To assist in this, process designers have begun offering a range of cells in each library, offering tradeoffs of speed versus leakage power. As shown in Figure 1, low VT cells are fast but have high leakage current, and while high VT cells have low leakage current, they’re also much slower. Today’s popular FinFET processes do offer lower leakage than past traditional gate silicon processes. But even in FinFET processes, the ultra-low VT cells needed for gigahertz operation may still exceed the required power targets for mobile devices.

Design implementation tools are now starting to offer automated ways to assist with the selection of transistor threshold, and even assist with or automate the insertion of clock-gating logic (Fig. 2). This allows more unused logic to consume only leakage current.

When Clock Gating Falls Short, Turn to Power Gating

Because small geometry processes have high leakage current in relation to dynamic current, clock-gating techniques are proving insufficient in many idle-power-sensitive designs, even when the PHY is in an L1 sub-state. The solution, then, is power gating—literally turning off the power to unused logic to yield true zero-power consumption for portions of the SoC not in use. This is generally done with on-die FET switches controlled by power-management logic on the SoC.

Recall that a PCI or PCI Express device in the “D3” state could have its power removed entirely since the operating system would completely reconfigure the device once power was restored. Likewise, a PCI Express device in the L2 state could operate on auxiliary power and, depending on the protocol, perform a full re-initialization upon return to the normal L0 operating state. Power gating in either of these states would be fairly simple: Turn off the entire chip with the exception of a small block of logic to restore power upon reset, should the system NOT actually remove the external power supply.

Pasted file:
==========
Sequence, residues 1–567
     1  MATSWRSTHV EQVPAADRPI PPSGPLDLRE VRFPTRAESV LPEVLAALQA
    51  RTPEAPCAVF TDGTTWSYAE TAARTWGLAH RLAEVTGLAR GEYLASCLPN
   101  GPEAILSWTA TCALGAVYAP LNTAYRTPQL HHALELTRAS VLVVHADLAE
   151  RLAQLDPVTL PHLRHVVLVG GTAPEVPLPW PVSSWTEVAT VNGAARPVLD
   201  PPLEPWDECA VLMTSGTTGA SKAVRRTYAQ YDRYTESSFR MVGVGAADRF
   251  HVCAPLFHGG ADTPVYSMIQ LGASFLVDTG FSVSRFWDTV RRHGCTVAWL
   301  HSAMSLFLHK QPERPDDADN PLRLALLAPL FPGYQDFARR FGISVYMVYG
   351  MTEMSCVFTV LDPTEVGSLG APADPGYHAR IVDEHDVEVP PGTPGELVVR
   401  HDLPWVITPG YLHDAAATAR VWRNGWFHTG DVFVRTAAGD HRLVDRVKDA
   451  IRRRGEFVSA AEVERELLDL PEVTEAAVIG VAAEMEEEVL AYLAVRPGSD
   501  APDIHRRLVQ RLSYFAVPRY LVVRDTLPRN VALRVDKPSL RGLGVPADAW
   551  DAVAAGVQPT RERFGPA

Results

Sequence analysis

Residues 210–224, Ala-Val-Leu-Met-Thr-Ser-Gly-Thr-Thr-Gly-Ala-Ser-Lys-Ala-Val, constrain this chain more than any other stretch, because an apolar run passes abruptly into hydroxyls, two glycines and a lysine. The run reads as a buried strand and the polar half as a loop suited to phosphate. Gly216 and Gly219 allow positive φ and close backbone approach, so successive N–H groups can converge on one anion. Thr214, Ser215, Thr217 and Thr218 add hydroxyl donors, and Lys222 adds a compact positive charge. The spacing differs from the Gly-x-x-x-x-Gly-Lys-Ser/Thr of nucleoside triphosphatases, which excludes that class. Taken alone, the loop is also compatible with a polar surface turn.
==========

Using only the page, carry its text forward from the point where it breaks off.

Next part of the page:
Power gating becomes a bit more complex with L1 sub-states, because a main goal of such an effort is to ensure that software needn’t reconfigure the device upon return to normal operation. This means that a power-gated SoC has to retain key PCI Express state information, such as its RequesterID, BAR memory mapping, link controls, etc. Even inside the PCI Express PHY, various configuration parameters must be retained to ensure the PHY itself can resume operation quickly (keeping to the 100-µs industry target) without needing reconfiguration from the PCI Express controller logic.

There are two options for preserving this state across power removal: Provide a separate power plane (or “power island”) for that logic, or include “retention cells,” which are flip-flops that save their state upon removal of the primary power source. Of course, retention cells generally rely on a separate power plane—the distinction is more in the design implementation flow. Confusingly, a half-dozen or so variants of retention cells differ in the method by which they’re instructed to transfer state to/from retention. Designers must also provide isolation cells between powered and unpowered logic to prevent power leakage and potential device damage from floating inputs on powered logic and driving unpowered logic.

2. Some of the latest design implementation tools can now assist with or automate the insertion of clock-gating logic like that shown in this example.